Alana Steinberg is a perfectly normal Harvard student. She goes to class, lives in a dorm, and might even go to a party or two on the weekend. She also happens to run a Boston-centric food Instagram with over 4,000 followers.

Started just over a year ago, Boston_Bites showcases both her own culinary adventures and those of her loyal followers. We sat down with Alana to find out more about the process of starting an account, the culture of food on Instagram, and her hopes for the future (think: support the local businesses).


Photo by Emma Noyes

Spoon: Why did you decide to start Boston_Bites?

AS: I started Boston_Bites as a way to get out and explore the city, because when I travel, my favorite way to experience culture is by the food. I like to get lost and find cool restaurants, which is what I did when I was studying abroad in Italy. I found Instagram to be a good way to keep myself accountable to go out into Boston. It’s also an excuse to not eat in the dining hall.

Spoon: When you were starting, what tools did you use to gain followers?

AS: At first, I used a lot of hashtags. I would tag different food accounts that I know either repost or check the photos that they’re tagged in. It’s a good way to gain a following. Food-related tags are something that I still do as a way to go beyond the Boston_Bites community.

Celebrating No Diet Day the way we know best ??

A photo posted by Boston Bites (@boston_bites) on

Spoon: Do you have any specific hashtags that you use with every post?

AS: #BostonBites is always the first one. I have a list of other ones that I just copy and paste, with just the big ones, like #food, #eeeeeats, #foodporn. Usually I’ll do #Harvard, #BU, or #BC, depending on which are of the city I’m posting from. And then I’ll add on relevent hashtags.

Spoon: And after that?

AS: Mostly word-of-mouth. I told my friends about it, and they told their friends, and it just naturally grew.

I also like to repost images that people send to Boston_Bites, because it helps grow a community where people are encouraged to share their eating experience, find new restaurants, and see the culture of Boston that they may not have seen before.

Wishing it was ?day (?: @inthemood_forfood)

A photo posted by Boston Bites (@boston_bites) on

Spoon: What do you look for in a good picture?

AS: The most important thing is that the food look appetizing. In the end, it comes down mostly to composition and lighting. It’s really difficult to take pictures in a dark restaurant. My friends can attest to how ridiculous I look when I steal their phones to use as flashlights, and I’m holding it high above my head so it’s not harsh. There are photos of that happening.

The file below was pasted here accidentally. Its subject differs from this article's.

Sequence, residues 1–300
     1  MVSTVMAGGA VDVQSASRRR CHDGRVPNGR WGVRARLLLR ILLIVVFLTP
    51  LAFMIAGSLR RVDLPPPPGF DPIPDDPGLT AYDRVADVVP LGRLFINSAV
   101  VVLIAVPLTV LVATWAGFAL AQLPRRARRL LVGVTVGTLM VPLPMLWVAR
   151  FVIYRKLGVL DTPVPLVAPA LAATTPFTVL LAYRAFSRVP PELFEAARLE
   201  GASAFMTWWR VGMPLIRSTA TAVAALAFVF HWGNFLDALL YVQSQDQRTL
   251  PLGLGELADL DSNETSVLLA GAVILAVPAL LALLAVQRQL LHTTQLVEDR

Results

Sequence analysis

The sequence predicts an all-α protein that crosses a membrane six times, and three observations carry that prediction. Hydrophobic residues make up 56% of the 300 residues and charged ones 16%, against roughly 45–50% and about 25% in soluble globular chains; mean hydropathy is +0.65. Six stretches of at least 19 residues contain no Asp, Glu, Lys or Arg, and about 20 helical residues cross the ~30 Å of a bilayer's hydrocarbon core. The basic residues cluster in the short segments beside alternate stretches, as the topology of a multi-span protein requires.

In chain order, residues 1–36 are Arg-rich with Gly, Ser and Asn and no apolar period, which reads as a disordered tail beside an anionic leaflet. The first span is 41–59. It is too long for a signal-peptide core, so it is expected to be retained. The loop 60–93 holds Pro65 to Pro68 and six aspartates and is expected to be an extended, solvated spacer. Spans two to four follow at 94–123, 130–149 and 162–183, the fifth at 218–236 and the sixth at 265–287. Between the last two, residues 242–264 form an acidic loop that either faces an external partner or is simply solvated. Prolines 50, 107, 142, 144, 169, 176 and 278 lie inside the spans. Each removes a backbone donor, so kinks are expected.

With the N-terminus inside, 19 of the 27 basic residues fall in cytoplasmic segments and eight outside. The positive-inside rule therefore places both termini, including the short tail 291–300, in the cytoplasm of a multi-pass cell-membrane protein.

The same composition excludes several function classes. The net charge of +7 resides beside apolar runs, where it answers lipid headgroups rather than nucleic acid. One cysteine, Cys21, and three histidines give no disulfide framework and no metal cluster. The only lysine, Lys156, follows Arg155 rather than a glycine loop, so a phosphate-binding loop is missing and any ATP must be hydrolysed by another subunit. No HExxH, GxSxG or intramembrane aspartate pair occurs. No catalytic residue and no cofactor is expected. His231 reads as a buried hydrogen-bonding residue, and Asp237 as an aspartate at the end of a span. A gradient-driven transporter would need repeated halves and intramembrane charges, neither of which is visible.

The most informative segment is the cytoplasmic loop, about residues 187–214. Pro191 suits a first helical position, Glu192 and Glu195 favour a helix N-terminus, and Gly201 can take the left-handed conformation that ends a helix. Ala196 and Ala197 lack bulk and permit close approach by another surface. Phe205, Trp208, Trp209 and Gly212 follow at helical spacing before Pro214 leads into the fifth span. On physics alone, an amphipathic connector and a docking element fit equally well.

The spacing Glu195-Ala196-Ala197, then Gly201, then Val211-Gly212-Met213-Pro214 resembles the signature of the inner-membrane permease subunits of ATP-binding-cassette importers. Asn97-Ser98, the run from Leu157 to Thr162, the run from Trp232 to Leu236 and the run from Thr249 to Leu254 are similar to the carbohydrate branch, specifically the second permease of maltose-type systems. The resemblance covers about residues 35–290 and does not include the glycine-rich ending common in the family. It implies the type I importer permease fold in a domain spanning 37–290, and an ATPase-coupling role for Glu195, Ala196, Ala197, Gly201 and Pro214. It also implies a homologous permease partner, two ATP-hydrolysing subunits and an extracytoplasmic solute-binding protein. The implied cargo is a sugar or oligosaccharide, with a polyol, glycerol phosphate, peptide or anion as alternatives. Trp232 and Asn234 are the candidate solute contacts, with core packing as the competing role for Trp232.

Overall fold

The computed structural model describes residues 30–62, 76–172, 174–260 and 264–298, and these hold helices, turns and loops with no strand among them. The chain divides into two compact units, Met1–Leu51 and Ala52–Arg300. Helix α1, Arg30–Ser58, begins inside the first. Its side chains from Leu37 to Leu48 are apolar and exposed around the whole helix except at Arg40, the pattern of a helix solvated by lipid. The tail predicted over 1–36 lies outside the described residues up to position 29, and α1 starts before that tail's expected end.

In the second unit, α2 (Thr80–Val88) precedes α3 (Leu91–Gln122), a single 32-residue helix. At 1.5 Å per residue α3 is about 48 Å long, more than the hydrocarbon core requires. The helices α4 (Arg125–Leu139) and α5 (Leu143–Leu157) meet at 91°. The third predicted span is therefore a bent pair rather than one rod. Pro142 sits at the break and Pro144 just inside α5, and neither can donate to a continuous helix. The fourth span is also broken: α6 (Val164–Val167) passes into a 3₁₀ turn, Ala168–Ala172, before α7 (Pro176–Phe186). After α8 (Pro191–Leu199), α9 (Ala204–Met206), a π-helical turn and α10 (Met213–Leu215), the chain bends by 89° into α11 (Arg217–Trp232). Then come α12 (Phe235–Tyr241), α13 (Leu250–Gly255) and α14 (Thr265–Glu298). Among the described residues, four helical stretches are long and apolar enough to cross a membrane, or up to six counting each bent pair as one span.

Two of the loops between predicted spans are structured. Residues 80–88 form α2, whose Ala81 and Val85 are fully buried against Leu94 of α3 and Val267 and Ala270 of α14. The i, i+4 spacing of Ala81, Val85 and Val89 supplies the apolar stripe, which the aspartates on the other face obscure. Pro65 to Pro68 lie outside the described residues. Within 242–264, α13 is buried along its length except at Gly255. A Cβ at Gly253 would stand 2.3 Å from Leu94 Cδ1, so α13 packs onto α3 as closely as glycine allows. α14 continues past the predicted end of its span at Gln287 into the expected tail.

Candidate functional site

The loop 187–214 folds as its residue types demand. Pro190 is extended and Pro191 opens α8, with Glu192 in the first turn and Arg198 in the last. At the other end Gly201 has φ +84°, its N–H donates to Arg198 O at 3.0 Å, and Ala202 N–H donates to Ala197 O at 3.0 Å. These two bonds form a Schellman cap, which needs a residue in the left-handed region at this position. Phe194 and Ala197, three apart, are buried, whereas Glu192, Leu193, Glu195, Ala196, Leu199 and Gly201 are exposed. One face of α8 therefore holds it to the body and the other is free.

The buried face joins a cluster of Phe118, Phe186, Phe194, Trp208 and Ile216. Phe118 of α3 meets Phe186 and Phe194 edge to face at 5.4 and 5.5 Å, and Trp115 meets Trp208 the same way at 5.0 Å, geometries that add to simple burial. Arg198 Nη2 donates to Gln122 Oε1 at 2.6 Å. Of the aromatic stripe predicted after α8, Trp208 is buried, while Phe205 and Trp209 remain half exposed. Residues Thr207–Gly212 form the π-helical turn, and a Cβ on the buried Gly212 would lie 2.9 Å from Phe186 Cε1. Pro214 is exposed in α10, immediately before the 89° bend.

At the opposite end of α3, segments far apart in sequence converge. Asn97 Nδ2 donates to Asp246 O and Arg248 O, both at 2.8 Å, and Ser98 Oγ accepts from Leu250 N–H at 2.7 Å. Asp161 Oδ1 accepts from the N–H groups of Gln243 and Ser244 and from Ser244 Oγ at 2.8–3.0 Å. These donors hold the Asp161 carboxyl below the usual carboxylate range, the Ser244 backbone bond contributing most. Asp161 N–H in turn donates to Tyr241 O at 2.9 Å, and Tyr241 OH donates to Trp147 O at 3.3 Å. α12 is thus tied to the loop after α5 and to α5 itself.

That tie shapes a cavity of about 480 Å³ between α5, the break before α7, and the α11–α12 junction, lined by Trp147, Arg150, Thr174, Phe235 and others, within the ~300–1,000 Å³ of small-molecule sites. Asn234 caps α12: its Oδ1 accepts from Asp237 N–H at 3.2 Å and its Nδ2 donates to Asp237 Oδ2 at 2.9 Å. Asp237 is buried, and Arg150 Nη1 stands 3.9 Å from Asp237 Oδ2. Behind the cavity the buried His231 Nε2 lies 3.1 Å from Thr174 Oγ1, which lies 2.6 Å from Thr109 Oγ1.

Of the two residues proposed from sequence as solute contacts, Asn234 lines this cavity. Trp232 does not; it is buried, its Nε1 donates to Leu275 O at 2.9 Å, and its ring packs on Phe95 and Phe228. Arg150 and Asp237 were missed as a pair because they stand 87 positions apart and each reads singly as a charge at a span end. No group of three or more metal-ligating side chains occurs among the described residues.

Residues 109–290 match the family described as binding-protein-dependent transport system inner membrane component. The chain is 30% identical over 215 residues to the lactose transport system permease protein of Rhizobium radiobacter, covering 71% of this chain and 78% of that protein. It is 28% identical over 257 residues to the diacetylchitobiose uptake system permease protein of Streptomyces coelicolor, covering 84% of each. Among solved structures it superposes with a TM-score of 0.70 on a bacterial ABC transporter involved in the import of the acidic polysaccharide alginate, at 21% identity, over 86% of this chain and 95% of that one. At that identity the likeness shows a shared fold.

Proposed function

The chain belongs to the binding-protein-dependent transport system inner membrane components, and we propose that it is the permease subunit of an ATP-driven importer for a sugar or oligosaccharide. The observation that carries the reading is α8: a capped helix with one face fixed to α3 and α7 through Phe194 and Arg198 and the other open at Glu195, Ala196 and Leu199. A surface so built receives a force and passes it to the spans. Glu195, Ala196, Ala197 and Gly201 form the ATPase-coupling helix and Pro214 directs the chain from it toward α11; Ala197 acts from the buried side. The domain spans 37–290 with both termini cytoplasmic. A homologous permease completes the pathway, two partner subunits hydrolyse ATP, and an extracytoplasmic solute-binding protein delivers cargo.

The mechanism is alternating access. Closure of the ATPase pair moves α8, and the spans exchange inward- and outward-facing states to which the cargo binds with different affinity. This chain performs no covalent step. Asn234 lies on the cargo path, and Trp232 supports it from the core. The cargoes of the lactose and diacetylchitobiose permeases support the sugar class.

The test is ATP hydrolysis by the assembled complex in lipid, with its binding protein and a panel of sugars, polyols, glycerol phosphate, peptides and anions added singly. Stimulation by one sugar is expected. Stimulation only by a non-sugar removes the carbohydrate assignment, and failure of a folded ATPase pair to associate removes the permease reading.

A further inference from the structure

Also, creating interesting angles. Food doesn’t always look the best from on top, and it really depends on what the most appetizing way to show the food is. Also, no filters. Edits are okay, but I don’t want to see a glowing piece of pizza.

Spoon: Do restaurants ever want to partner with you for events or free food?

AS: That’s been a recent development, and something I’ve been really excited about. I really love collaborating with local restaurants, not just because I get free food. More importantly, it helps me support local Boston businesses.

The most recent one that I worked with was Patty Chen’s Dumpling Room, which is an American-Asian fusion dumpling restaurant. I’m also working with DoorDash Boston, which is sort of like Uber for food. Shameless plug: if my followers use my code when they order, they get $10 off and free delivery.


Photo by Emma Noyes

Spoon: Is there a culture behind food Instagrammers?

AS: Yes, there is. The mainstream food Instagram is what I try to avoid. You see things that the person clearly isn’t eating, like a stack of bagels with a lump of cream cheese covered in sprinkles. You’re not actually taking a bite of a pound of cream cheese. I want to show people things that I enjoy eating, not that I enjoy taking photos of.

Spoon: That was gonna be my next question. What do you think of the #foodporn culture?

AS: The pictures are interesting and make me hungry, but it’s not what I’m aiming for, which is showing people Boston’s culture through food.

Reading Period or Eating Period?

A photo posted by Boston Bites (@boston_bites) on

Spoon: Some people have called it unhealthy for the obesity problem in America.

AS: I feel like it would be a lot to say it’s “unhealthy.” I think it’s a manifestation of the American food culture, and just one way that the social media and food cultures have merged.

As someone who’s also a body image peer counselor, I want to make sure people eat things they enjoy, but that also make them feel good. I can’t imagine someone eating those foods; it’s probably fun, but it’s not something tangible or realistic.

Spoon: Which food accounts are your favorite?

AS: MissNewFoodie and HungryGrls are my favorites, because they use awesome food puns and that is my thing on Boston_Bites as well. All of their captions are incredibly on point. I like to look at the other Boston food accounts, like BostonFoodies or BestFoodBoston, to find new restaurants that I haven’t tried.